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Cyber war rages online between copyright and freedom

The modern internet is a battleground between two competing forces vying for control of how information and media are consumed. Large corporations have a huge stake in the financial opportunities that a closed, monetised system has to offer, while activists and idealists are intent on retaining the free, communal nature of the web.

In recent months a skirmish erupted, serving to illustrate how the battle lines are being drawn in a world where the internet increasingly has real life consequences in shaping our social and political reality.

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It is no secret that copyright giants have been backed into a corner in recent years over the shape and nature of the internet. They have been stubborn in their refusal to adapt to the environment that is shifting around them. Instead, entertainment bodies such as the RIAA (Recording Industry Association of America) and MPAA (Motion Picture Association of America), have not only stuck to their guns, but been aggressively attacking any threats to copyright through various channels, from legal action against individuals to lobbying for more severe legislation against piracy and even Denial of Service (DOS) attacks against “the world’s largest bittorrent tracker” The Pirate Bay.

Despite vast amounts of money and attention, there has been little headway made in reducing piracy through these approaches. Instead they have only served to provoke a response from the illegitimate groups they target.

You may have heard of Anonymous before. If not, I will try my best to explain it. Anonymous is a collective of nameless internet users. It is not an organisation, it is not a group with official members. It is a useful label for a coalition with a shared set of goals and ideals with regards to a free internet. They communicate through various websites (notably 4chan.org), and IRC to loosely direct whatever operation they hope to achieve.

Sometimes their goals are trivial or comedic and sometimes they are politically or at least seriously motivated. Due to the nature of Anonymous, it is difficult to discern when one can attribute a raid or attack to the group as a whole or merely to disgruntled members.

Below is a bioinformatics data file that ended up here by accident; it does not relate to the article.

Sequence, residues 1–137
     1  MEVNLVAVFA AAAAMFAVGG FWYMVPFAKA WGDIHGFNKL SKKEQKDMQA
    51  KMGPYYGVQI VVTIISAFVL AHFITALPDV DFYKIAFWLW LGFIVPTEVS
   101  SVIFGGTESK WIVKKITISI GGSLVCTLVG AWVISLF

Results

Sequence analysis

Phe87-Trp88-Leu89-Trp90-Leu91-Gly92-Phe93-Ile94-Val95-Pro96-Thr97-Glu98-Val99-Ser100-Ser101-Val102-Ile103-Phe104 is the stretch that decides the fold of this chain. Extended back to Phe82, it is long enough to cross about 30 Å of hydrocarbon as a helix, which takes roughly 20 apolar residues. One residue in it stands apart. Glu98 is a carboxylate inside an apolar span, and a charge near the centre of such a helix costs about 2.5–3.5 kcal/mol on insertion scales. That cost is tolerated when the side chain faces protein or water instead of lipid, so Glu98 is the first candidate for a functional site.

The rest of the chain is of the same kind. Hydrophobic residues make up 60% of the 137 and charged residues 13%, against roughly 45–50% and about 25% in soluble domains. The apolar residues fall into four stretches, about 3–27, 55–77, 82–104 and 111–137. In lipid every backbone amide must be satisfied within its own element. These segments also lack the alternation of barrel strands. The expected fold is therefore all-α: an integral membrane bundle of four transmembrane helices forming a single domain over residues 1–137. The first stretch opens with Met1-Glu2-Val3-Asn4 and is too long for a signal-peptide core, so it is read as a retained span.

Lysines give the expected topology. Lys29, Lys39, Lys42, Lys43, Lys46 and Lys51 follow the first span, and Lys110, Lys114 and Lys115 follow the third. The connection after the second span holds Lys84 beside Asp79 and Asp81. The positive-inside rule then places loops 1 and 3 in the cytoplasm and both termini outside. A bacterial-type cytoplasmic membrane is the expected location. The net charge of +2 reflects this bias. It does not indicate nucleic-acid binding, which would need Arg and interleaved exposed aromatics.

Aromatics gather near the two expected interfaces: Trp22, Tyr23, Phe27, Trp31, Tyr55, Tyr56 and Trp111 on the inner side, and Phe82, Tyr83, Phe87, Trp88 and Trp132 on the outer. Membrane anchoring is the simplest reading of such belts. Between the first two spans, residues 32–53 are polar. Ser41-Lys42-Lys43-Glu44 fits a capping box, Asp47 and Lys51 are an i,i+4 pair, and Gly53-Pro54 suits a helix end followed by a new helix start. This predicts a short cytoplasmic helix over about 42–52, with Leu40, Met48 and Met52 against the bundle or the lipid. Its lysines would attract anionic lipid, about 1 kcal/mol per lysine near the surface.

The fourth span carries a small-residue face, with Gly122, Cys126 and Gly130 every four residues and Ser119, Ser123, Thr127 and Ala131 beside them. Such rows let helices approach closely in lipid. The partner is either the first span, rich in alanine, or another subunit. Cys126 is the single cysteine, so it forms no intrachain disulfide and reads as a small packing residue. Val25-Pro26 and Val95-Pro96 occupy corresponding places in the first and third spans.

The more political causes attributed to Anonymous have been crusades against Scientology dubbed Project Chanology, and Australian censorship in the form of Operation Titstorm and Didgeridie) as well as Iranian freedom. Anonymous related sites, like 4chan, have also famously tracked down and outed people who have uploaded videos where they abuse or murder animals.

Less nobly, they have also been connected to posting flashing animations to epilepsy support forums en masse in order to induce seizures and uploading as much pornographic material as they can onto Youtube, under the guise of children’s material (e.g. Jonas Brothers music videos).

So how do these two groups connect? Well, as mentioned earlier, the MPAA and other film industry organisations (especially Bollywood) use a company called Aiplex as a sort of cyber-mercenary. Aiplex trawls the web for uploaded copyrighted movies and then issues copyright infringement notices. If the offending content is not removed, Aiplex uses its resources of bots to launch a Distributed Denial of Service attack (DDoS) that puts the site down. This has been used against multiple torrent sites, including The Pirate Bay.

DDoS attacks are not considered acceptable use according to most ISPs and are illegal in many countries, and this strategy is seen by many as the use of pirate tactics against the pirates themselves.

The downside to using such tactics became apparent when Anonymous organised an attack in retaliation.

Using its various sites as a platform, it put out this call to arms:

With large numbers of Anonymous members using the Low Orbit Ion Cannon (LOIC) — a simple piece of software that spams TCP, UDP or HTTP requests to the target IP, they initiated their own co-ordinated DDoS attacks. The first brought down the Aiplex site for over 14 hours, followed by the MPAA site for 21 hours, and then the RIAA for for just over an hour. PandaLabs has a more detailed breakdown of the results.

Near the end of attack, Anonymous released this open letter. The attack was about to continue against the BPI (British Phonographic Industry), but this never occurred. There is speculation that it was stopped by a hacker who disrupted Anonymous communications. Anonymous “members” also admitted that they had to switch IRC servers because of RIAA legal notices.

Opinions on the actions of Anonymous, 4chan and The Pirate Bay have always been divided. Many view them as Robin Hood-style characters, the romanticised pirates, rebels against corrupt and unjust systems or as representatives of a new culture. Others see them as dangerous, unaccountable, juvenile, anarchist and criminal.

In this specific case, it is difficult to tell whether the primary motivation is protest and activism, or merely revenge. No matter what your view is, however, it serves to show that the power and influence of this internet community is growing… and it is increasingly spilling over into the ‘real world’. As one of the organisers of the attacks claimed, “We are seeking to change our way of life outside the basement we are trapped in”.

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